Employers take the OSHA recordkeeping requirements spelled out in 1904 much more seriously today than they did back in the 1980s, according to Rich Fairfax, when the agency was making headlines with six-figure penalties for recordkeeping violations and it was not uncommon for employers to keep two sets of books, one that they showed OSHA and the “real” one, says Fairfax.
Justin Porter, a young safety and health professional, says the industry should be looking past the OSHA rates (which many pros believe are of meaningless diagnostic value) and formalizing return-to-work programs to drive down their total cost of risk. “A formal return-to-work program can positively impact a company’s indemnity claim costs, litigation expenses, and claims closure metrics,” he says. Use Physical Demand Assessments to identify specific temporary transitional duties and compliance with the Americans with Disabilities Act (ADA).”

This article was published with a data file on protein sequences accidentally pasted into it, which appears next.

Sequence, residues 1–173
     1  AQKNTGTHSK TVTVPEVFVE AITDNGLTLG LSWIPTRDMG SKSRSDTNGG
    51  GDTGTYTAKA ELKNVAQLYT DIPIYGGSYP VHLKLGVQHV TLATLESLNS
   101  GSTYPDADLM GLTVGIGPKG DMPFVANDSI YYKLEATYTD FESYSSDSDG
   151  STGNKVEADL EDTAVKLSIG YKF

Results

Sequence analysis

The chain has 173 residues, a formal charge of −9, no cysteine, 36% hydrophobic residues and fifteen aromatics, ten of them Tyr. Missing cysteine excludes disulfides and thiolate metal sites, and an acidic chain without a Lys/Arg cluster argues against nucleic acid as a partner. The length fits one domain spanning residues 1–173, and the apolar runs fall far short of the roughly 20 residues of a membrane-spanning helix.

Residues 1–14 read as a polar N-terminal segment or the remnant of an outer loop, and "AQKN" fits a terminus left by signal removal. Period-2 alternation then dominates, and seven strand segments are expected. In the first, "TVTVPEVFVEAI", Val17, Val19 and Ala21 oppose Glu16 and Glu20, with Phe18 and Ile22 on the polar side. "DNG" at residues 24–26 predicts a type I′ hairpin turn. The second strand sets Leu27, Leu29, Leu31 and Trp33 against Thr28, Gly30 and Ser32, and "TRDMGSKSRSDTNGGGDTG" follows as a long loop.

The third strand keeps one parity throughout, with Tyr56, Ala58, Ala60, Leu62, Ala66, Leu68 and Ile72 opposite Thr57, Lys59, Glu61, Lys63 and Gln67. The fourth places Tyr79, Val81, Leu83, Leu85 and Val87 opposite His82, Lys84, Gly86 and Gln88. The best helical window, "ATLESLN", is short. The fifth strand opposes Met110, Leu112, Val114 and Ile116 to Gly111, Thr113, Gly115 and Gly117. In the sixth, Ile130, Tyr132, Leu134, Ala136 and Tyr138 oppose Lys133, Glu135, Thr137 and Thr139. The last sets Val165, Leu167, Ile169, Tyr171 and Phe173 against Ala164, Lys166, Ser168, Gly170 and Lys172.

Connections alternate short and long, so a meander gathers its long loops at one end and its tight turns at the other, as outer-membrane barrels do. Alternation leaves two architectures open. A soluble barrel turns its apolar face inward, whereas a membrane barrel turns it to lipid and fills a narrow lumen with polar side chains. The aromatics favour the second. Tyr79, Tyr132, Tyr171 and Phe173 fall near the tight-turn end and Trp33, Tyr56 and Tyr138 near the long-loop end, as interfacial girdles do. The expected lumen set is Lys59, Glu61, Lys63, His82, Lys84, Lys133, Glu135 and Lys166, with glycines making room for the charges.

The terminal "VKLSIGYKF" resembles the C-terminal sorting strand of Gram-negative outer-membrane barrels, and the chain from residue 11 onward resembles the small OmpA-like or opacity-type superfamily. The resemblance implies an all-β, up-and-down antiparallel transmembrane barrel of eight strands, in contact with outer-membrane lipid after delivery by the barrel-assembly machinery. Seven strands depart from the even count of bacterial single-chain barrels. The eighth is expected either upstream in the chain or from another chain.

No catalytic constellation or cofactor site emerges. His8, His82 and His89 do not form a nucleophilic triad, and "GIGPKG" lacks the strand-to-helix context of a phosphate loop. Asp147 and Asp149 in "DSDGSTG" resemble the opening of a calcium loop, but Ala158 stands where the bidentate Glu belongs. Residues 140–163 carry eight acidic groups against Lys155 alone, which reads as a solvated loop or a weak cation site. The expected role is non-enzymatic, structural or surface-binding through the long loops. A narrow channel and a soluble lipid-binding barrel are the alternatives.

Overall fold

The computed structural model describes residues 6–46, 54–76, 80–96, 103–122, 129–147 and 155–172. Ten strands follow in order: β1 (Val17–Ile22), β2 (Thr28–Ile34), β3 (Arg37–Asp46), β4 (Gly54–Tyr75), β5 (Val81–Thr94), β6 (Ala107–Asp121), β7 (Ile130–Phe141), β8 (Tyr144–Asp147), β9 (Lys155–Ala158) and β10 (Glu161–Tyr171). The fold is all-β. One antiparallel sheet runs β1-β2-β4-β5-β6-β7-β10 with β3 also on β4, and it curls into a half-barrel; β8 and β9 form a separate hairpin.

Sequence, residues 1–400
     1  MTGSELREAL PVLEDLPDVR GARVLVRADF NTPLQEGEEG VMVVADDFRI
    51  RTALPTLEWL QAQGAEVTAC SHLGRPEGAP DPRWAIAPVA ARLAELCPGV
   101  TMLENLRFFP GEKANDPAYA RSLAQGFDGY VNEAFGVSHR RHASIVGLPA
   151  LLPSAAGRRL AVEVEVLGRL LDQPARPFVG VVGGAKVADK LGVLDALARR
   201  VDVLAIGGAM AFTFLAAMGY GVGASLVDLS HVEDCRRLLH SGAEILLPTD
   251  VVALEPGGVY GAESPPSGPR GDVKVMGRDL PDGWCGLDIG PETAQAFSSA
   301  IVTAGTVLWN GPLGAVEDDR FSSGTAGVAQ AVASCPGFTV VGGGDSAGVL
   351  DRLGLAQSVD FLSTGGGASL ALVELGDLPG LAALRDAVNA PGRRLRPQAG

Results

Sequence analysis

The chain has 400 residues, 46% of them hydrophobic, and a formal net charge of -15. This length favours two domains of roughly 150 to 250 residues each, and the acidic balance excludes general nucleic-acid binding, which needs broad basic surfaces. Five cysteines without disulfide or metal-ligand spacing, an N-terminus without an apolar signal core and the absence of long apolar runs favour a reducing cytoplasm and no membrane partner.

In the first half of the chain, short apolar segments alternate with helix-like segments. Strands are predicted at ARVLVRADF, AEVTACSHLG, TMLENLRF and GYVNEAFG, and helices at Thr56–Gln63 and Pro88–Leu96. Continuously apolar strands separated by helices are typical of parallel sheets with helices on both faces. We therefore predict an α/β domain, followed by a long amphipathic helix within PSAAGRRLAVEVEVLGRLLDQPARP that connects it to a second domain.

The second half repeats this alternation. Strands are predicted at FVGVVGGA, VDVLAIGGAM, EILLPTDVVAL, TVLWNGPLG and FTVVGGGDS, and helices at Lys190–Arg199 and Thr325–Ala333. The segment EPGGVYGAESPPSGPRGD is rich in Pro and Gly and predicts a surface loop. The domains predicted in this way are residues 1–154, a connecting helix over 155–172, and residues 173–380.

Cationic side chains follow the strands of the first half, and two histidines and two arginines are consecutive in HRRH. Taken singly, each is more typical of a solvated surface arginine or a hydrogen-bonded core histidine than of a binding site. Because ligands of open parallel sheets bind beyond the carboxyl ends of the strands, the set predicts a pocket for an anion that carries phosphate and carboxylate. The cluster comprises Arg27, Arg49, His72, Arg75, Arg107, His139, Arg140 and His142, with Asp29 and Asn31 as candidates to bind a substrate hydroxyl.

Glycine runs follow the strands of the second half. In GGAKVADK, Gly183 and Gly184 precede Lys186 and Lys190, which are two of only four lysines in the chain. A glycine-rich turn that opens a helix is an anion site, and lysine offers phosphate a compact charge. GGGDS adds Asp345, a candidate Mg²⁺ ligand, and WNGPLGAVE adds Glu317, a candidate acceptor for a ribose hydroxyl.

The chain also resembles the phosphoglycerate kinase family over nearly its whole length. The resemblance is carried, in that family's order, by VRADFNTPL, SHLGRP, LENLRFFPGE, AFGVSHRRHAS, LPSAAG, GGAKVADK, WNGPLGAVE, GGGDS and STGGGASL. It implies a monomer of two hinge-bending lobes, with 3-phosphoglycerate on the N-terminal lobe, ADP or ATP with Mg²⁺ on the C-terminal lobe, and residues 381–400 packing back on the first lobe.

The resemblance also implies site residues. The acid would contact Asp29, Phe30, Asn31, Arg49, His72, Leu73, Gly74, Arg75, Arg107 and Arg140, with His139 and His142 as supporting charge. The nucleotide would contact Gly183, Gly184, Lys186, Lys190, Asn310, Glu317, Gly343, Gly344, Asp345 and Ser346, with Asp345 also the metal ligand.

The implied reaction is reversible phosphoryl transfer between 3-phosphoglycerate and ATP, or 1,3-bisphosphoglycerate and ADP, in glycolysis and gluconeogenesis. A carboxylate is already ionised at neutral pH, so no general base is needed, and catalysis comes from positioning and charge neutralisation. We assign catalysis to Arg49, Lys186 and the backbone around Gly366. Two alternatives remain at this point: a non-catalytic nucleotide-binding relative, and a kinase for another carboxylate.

That’s the type of work Dr. Basil Besh, the hand surgeon who founded Access Omnicare, said in a statement that he using. “The difference between subjective complaints of pain, which cannot be proven and are often magnified, and objective signs, are only found on careful clinical examination by an experienced physician. If patients are injured and continued work presents safety issues for the patient, myself and my fellow physicians prescribe the appropriate work restrictions. Any suggestion that myself or any of my medical team at Access Omnicare allow external factors to influence our medical care in any way is false and inaccurate.”